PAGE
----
So far this season, the Los Angeles Dodgers have used superior pitching, decent offense and sound defense to produce one of the best records in baseball. Despite their success, there have been some areas of concern for fans, primarily when it comes to offensive consistency.
Heading into the series against Chicago, the Dodgers have dropped to 11th in the majors with a not-so-impressive .239 team batting average. That mark is good enough for sixth in the National League, trailing their weekend host Cubs for fifth place by a few percentage points.
The Dodgers are tied for tenth in the bigs with 114 runs scored, a position they are not accustomed to being in after regularly hanging around the Top 5 the last handful of years. However, their +57-run differential is still the best in baseball, suggesting that they typically destroy their opponents one night while falling silent the next.
This offensive inconsistency is something we’ve seen often over the last few seasons, and one of the primary reasons behind it is that several of the team’s key offensive contributors are extremely streaky.
A handful of daily starters are sitting below a .250 season batting average. Some of these players have shown improvement in recent games, as batters like Mookie Betts have increased their averages as high as 20 points over the past week. Despite some minor signs of promise, Max Muncy has a team-low .151 average after logging 91 plate appearances so far.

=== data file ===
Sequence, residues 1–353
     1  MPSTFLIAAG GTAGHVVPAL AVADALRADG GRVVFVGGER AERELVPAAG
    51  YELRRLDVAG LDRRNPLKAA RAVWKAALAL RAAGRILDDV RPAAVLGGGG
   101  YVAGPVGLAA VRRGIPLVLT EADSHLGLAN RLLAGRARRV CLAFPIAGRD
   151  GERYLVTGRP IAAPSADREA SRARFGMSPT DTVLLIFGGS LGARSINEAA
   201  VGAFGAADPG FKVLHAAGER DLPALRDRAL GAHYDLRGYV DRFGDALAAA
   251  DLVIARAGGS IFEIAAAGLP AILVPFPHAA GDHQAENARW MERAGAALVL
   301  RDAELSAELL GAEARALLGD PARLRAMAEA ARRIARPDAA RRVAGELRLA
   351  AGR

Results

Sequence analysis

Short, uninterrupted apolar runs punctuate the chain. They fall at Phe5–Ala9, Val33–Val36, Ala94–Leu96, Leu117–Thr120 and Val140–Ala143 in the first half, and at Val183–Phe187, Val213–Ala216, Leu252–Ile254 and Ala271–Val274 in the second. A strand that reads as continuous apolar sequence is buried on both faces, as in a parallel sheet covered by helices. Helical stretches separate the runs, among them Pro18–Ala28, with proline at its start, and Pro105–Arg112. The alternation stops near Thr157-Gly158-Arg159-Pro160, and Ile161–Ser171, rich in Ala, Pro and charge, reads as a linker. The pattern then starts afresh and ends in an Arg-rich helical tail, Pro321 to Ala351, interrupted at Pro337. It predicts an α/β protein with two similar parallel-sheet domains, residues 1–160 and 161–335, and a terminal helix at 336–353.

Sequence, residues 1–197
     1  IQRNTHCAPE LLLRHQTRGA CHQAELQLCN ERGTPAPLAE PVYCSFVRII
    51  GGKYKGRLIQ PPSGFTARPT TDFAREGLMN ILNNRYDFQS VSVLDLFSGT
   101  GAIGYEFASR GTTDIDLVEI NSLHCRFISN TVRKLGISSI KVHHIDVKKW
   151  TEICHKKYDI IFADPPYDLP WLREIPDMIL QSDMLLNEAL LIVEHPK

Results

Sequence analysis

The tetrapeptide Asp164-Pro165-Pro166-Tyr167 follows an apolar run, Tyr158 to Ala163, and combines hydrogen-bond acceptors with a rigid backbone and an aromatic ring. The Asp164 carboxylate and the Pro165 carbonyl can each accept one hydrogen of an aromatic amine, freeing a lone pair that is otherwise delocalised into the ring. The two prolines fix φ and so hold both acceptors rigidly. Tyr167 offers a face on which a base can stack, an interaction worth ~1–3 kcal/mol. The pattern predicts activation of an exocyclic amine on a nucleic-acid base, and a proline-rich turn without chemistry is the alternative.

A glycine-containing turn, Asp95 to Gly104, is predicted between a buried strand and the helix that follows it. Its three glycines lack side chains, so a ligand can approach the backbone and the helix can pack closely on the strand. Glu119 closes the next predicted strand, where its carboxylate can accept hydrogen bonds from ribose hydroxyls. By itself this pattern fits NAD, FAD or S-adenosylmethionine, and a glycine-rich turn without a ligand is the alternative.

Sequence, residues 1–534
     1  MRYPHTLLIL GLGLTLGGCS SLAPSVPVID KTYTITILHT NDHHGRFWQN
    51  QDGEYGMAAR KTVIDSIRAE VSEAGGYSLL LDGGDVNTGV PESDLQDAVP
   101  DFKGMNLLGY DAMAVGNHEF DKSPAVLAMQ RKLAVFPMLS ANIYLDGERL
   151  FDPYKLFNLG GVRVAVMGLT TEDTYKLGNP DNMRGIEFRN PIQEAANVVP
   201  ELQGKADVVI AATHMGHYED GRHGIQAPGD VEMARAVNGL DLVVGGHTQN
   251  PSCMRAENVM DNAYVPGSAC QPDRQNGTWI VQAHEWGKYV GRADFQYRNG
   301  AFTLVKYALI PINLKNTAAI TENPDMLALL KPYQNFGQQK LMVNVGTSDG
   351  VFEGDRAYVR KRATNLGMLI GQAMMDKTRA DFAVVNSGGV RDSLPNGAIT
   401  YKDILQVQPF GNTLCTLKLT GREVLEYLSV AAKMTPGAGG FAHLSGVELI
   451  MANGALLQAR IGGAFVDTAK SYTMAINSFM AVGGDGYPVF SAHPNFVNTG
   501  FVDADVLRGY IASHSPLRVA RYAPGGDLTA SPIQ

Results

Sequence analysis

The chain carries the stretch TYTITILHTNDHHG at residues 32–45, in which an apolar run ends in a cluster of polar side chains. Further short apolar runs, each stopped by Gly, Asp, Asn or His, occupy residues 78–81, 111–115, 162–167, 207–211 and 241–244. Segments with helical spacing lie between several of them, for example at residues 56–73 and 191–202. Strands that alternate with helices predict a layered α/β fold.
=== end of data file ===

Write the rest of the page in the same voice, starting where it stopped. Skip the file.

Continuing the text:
The same goes for Justin Turner with a .183 average. Cody Bellinger, who earned NL Player of the Week honors for April 18-24, has fallen back down to a .205/.275/.434 slash line. Over his last 31 plate appearances, Bellinger is hitting .071 (2-for-28) with nine punchouts.
Things are a lot different on the pitching front. The Dodgers are far and away the team ERA leaders in the majors with a 2.21 combined ERA, light years ahead of the second-place Yankees with a 2.60 mark. All six Los Angeles starters — including Tyler Anderson — have ERAs below 2.55. Tony Gonsolin leads the way with a 1.64 ERA, and Julio Urias is not far behind at 1.88.
Clayton Kershaw leads the entire team with a ridiculous 0.696 WHIP over an even 23 innings pitched heading into Saturday’s early game.
What’s even more impressive is that Los Angeles starting pitching has a combined 1.90 ERA to dominate the big leagues. The bullpen’s combined 2.65 ERA is good enough for third in the majors.
We’ve been talking a lot about how the division is certainly not decided in the spring months, but when the club is facing some of the league’s worst teams so early in the year, it’s critical to capitalize and work out some of the kinks — especially on offense in the case of the Dodgers.
Sweeping the Cubs at Wrigley is a great place to start.